Video Games

The business of blood: 11 violent video games

Airport massacres, button-mashing fatalities and gratuitous reenactments: Business is booming for violent video games. Here are 11 that offer violence as entertainment.

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Bulletstorm (2011): Beyond it's over-the-top profanity and grisly violence, Bulletstorm had a unique "skill-shot" system which rewards "creative" kills -- like shooting your enemy in the genitals.
Electronic Arts

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Carmageddon (1997): Insipred by the 1975 cult classic movie Death Race 2000, this "vehicular combat" game rewarded players with bonus points for mowing down pedestrians.
SCi/Interplay

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Grand Theft Auto (series): Controversial but also critically acclaimed, GTA let gamers play the criminal, which often meant killing, stealing or even street-racing their way to the top. Pictured: GTA: Vice City (2002)
Rockstar Games

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Manhunt (2003): Though well received by gaming critics, the stealth-based horror game is considered by some to be the most violent video game of all time and was banned in several countries.
Rockstar Games

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Call of Duty: Modern Warfare 2 (2009): First-person shooters are by definition violent, but Modern Warfare 2 upped the ante with its Russian airport massacre level.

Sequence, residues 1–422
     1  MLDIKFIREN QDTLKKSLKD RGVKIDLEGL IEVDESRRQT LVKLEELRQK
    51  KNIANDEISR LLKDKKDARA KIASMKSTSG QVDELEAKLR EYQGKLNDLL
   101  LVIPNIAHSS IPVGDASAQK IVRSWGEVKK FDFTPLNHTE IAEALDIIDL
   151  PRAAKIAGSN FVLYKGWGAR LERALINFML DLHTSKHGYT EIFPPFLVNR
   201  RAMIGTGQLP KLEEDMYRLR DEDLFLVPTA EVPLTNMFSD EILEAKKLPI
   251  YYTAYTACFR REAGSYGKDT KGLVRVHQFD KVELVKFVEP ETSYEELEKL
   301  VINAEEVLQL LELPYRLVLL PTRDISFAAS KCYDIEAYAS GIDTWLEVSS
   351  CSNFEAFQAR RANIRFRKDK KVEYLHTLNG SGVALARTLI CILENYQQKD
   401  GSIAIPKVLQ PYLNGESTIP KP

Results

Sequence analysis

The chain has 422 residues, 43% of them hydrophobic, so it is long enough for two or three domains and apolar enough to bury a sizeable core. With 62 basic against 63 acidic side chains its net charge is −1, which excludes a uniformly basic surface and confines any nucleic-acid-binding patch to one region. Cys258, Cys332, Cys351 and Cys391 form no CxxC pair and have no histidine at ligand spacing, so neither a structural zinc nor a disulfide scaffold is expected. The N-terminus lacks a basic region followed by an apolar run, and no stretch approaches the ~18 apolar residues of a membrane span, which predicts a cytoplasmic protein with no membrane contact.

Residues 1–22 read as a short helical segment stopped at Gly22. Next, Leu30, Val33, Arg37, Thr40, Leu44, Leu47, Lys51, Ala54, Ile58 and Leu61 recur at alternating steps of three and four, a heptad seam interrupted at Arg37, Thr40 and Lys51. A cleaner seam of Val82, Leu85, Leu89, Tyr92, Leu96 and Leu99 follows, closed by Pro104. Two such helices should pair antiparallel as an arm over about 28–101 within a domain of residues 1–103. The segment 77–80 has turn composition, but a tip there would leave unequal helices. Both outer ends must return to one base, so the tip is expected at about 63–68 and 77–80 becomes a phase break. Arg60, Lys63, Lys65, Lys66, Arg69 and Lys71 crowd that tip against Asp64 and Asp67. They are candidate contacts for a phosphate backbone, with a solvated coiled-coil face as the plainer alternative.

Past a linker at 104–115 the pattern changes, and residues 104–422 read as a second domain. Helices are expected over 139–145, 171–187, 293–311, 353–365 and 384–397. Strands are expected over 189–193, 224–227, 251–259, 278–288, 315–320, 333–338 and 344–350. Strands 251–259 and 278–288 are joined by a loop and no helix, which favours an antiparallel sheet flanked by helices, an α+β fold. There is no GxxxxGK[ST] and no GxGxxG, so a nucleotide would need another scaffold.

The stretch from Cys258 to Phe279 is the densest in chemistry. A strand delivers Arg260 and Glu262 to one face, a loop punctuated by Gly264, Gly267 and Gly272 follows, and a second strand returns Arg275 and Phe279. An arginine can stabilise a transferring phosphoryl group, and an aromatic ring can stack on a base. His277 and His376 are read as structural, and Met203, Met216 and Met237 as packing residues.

Activision

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Super Columbine Massacre RPG! (2005): The game allows players to assume the roles of gunmen Eric Harris and Dylan Klebold during their infamous 1999 school shooting. Mired in controversy, it would inspire V-Tech Rampage which was released in 2007.
Danny Ledonne

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Postal (series): Another title banned in multiple countries, Postal had little backstory but tons of violence. Players completed each level by slaughtering a certain number of "hostiles." Pictured: Postal 2 (2003)
Whiptail Interactive

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MadWorld (2009): This game proved that the Nintendo Wii wasn't just a family console. For it's gratuitous blood and over-the-top violence, the game was banned in Germany.
Sega

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God of War (series): The critically acclaimed series is known for its ruthless weapons, gory kills and violent cutscenes. Pictured: God of War II (2007)
Sony Computer Entertainment

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Mortal Kombat (1992): The classic fighting game known for its extreme violence, most notably, its Fatalities -- special finishing moves that were so gratuitous, they played a part in the creation of the ESRB.
Midway Games

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Soldier of Fortune (2000): The game's model engine, GHOUL, was the first to enable players to not just kill enemies but dismember them, which pretty much tells you everything you need to know.
Activision

The business of blood: 11 violent video games

Airport massacres, button-mashing fatalities and gratuitous reenactments: Business is booming for violent video games. Here are 11 that offer violence as entertainment.

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